Conflicting Points of View “My own feeling was that we should not commit American troops to any situation unless the objectives were so important to American interests that we had to fight, and that those conditions we met, and all diplomatic efforts failed, then we had to commit, as a last resort, not just token forces to provide an American presence, but enough forces to win and win overwhelmingly.” –Secretary of Defense Casper Weinberger
Weinberger Doctrine The US should not commit forces to combat overseas unless the particular engagement or occasion is deemed vital to our national interest or that of our allies If we decide it is necessary to put combat troops into a given situation,we should do so wholeheartedly and with the clear intention of winning If we do decide to commit forces to combat overseas, we should have clearly defined political and military objectives
Weinberger Doctrine (cont) The relationship between our objectives and the forces we have committed– their size, composition, and disposition– must be continually reassessed and adjusted if necessary Before the US commits combat forces abroad, there must be some reasonable assurance we will have the support of the American people and their elected representatives in Congress The commitment of US forces to combat should be a last resort
Beirut and The Weinberger Doctrine What impact did Beirut have on Weinberger’s criteria for using force relative to intensity of interest? How did the Weinberger Doctrine address risk? Why did the Weinberger Doctrine work well in the Cold War environment?
Changing World Desert Storm –War can be won quickly with low casualties –Erased the “Vietnam Syndrome” Dissolution of the Soviet Empire –No more threat of a superpower clash –US became the only world superpower –Real opportunity for international cooperation and United Nations leadership Weinberger Doctrine came to be viewed as less appropriate in the post-Cold War era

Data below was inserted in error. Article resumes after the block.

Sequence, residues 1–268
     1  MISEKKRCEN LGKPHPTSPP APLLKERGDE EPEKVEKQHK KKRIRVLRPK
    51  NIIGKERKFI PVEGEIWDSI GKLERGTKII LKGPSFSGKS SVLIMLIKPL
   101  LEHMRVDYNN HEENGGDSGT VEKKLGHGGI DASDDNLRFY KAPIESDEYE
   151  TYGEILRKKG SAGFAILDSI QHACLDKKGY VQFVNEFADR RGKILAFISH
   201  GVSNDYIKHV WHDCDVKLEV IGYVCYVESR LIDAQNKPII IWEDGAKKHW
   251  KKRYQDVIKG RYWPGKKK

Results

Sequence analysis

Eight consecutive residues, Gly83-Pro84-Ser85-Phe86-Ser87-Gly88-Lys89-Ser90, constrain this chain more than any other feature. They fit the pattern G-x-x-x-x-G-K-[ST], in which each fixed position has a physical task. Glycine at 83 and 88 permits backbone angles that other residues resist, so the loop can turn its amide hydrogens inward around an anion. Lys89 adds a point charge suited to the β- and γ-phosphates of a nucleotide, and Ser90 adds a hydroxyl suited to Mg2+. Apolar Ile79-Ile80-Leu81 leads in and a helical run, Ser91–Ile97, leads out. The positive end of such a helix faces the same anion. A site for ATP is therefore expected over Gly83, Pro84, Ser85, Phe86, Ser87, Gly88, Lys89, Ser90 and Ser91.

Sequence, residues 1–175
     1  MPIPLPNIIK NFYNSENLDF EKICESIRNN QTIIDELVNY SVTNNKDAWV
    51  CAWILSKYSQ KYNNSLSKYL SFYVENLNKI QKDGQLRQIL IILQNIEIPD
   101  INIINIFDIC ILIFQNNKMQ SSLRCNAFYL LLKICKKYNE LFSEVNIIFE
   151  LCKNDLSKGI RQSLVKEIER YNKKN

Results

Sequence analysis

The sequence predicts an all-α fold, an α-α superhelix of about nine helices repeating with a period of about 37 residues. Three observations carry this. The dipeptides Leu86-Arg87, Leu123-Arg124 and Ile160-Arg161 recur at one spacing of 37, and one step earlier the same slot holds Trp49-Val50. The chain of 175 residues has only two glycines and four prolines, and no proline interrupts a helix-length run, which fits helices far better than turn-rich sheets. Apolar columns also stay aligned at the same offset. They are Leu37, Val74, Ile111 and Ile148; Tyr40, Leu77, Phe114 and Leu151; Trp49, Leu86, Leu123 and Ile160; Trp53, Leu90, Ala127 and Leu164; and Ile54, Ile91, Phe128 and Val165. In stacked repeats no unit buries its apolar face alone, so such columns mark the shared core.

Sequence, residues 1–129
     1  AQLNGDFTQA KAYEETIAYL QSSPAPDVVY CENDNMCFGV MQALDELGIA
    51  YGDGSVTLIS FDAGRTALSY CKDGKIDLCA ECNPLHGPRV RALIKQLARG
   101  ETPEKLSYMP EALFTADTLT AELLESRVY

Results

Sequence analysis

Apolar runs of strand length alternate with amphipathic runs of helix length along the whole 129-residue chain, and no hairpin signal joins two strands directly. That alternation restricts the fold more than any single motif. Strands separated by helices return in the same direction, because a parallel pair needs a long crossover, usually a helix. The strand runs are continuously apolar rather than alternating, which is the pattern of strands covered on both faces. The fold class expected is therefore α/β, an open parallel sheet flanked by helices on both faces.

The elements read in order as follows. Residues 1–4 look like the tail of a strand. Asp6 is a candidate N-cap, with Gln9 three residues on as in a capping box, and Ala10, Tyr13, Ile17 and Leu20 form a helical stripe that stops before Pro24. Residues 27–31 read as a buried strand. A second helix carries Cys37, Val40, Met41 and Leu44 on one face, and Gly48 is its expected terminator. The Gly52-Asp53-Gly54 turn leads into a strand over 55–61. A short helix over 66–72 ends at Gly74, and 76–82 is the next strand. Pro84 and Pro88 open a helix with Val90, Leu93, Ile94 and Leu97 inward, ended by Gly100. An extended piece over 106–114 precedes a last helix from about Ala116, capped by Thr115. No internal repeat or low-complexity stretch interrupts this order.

Powell Doctrine Force should be used only as a last resort Military force should be used only when there is a clear-cut military objective Military force should be used only when we can measure that the military objective has been achieved Military force should be used only in an overwhelming fashion –Perceived as being too much like the Weinberger Doctrine (but it did omit the “vital interest” requirement)
Les Aspin and the Limited Objective School “…this brand new world of ours is a world of turmoil and agitation. And that agitation has provoked calls for the use of military force in a whole range of circumstances that don’t fit the mold.”
Increased Optempo After the end of the Cold War and the tremendous success of Desert Storm, there was an increased willingness to use the military Previously reserved largely for “vital” interests, the military became increasingly used for lesser interests under a strategy of “engagement and enlargement”
Increased Optempo The pace of deployments increased 16-fold since the end of the Cold War. –Between 1960 and 1991, the Army conducted 10 operations outside of normal training and alliance commitments, but between 1992 and 1998, the Army conducted 26 such operations. –The Marines conducted 15 contingency operations between 1982 and 1989, and 62 since 1989. –During the 1990s, U.S. forces of 20,000 or more troops were engaged in non-warfighting missions in Somalia (1993), Haiti (1994), Bosnia (1996), and Iraq and Kuwait (1998). The Heritage Foundation, The Facts About Military Readiness, Jack Spencer, Executive Summary #1394